Thicc Stauskas' Big Ten Position Rankings: Running Back, Part One
It's not a good sign for Iowa that we keep using photos from last year's Big Ten title game.
SITE STUFF: Yes, a co-authored post! We’ll be doing a few of these to make sure we get through our planned offseason content. Dan did all the research and compiled the rankings, Ace wrote the words.
Previously: Quarterback (Part One, Part Two)
Dan’s position rankings are back with a twist: I (Ace) am doing some of the writeups, including this entire post, to maximize our efficiency. In Big Ten backfield terms, we want to be 2021 Michigan, not 2021 Indiana.
Dan’s methodology was to take the top two returning players from each team — or, in some cases, a top incoming transfer — and rank them individually after diving into the numbers. Here’s his helpful, color-coded spreadsheet:
Some stat definitions: Y/C is yards per carry, YO/C is yards after contact per carry, and RBY/Opportunity is average yards gained once the player has already made it five yards on a carry (this is alternately called highlight yards).
After accounting for external factors — this comes up with Minnesota, in particular — he ranked the backfields 1-14. We start, as usual, from the bottom.
RB1 (rank among returners): Gavin Williams (20/28)
RB2 (rank among returners): Leshon Williams (27/28)
Tyler Goodson entered the NFL Draft early despite averaging only 4.5 yards per carry as a junior. While he went undrafted, I’m not sure coming back to play in Iowa’s system behind a putrid offensive line was in his best interest — he got picked up by Green Bay as a free agent.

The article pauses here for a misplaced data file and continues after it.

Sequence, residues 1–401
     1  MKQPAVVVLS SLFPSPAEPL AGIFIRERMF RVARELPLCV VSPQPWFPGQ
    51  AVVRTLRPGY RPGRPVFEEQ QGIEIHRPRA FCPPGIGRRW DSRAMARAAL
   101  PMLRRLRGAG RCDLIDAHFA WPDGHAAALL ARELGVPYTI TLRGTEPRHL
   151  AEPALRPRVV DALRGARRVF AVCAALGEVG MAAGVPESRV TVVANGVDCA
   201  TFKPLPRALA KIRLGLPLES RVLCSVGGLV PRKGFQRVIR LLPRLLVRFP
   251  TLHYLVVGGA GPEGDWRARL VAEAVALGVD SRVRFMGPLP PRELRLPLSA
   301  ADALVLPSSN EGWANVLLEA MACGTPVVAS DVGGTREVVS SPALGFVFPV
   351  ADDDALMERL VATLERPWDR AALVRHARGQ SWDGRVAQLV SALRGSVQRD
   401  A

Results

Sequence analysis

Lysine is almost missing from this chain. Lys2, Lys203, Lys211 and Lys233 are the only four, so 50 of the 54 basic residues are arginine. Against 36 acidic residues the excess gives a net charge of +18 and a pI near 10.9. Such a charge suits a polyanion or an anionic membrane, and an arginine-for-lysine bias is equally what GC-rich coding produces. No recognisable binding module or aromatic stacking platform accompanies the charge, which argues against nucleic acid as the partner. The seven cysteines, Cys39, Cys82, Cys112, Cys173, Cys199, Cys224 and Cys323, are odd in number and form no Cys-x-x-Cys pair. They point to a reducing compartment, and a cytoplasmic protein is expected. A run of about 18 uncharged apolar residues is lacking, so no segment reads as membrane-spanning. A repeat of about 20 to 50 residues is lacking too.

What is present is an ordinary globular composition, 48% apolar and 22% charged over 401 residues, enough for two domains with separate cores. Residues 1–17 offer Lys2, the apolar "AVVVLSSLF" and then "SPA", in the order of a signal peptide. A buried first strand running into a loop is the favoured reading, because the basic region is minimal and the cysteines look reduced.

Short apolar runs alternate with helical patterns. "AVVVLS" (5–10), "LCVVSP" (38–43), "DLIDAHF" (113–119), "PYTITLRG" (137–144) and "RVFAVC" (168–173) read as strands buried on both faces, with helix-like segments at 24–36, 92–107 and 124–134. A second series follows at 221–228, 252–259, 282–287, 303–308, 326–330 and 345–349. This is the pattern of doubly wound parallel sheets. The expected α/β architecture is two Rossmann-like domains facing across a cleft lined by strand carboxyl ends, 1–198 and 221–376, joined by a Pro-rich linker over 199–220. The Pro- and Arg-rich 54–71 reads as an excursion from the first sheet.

Goodson displayed obvious high-level athleticism backed up by his pre-draft testing but struggled to find room to run, particularly last season. His backups, Gavin Williams and Leshon Williams, couldn’t overcome the leaky line, and unlike Goodson they couldn’t make much happen on the rare carries the blocking delivered them to the second level of the defense.
While it’s difficult to separate any part of Iowa’s offensive struggles from the surrounding issues in the offense, these guys haven’t done much to separate themselves, either.
RB1 (rank among returners): Kyle Monangai (22/28)
RB2 (rank among returners): Aaron Young (25/28)
Rutgers is in similar situation to Iowa. They lost an early NFL Draft entrant, seventh-rounder Isiah Pacheco, after largely wasting his talent (3.9 yards per carry in 2021) because of poor blocking and a one-dimensional offense.
Sophomore Kyle Monangai and junior Aaron Young were less effective runners than Pacheco behind the same line. While Young was utilized as a third-down back, his receiving success came largely on one touchdown catch against Michigan. Otherwise, neither player was much of a threat on the ground or out of the backfield.
Monangai is reportedly set to take on a workhorse role. He fared poorly against teams with winning records last year. Even if he improves, it might be hard to notice, what with all the surrounding Rutgers.
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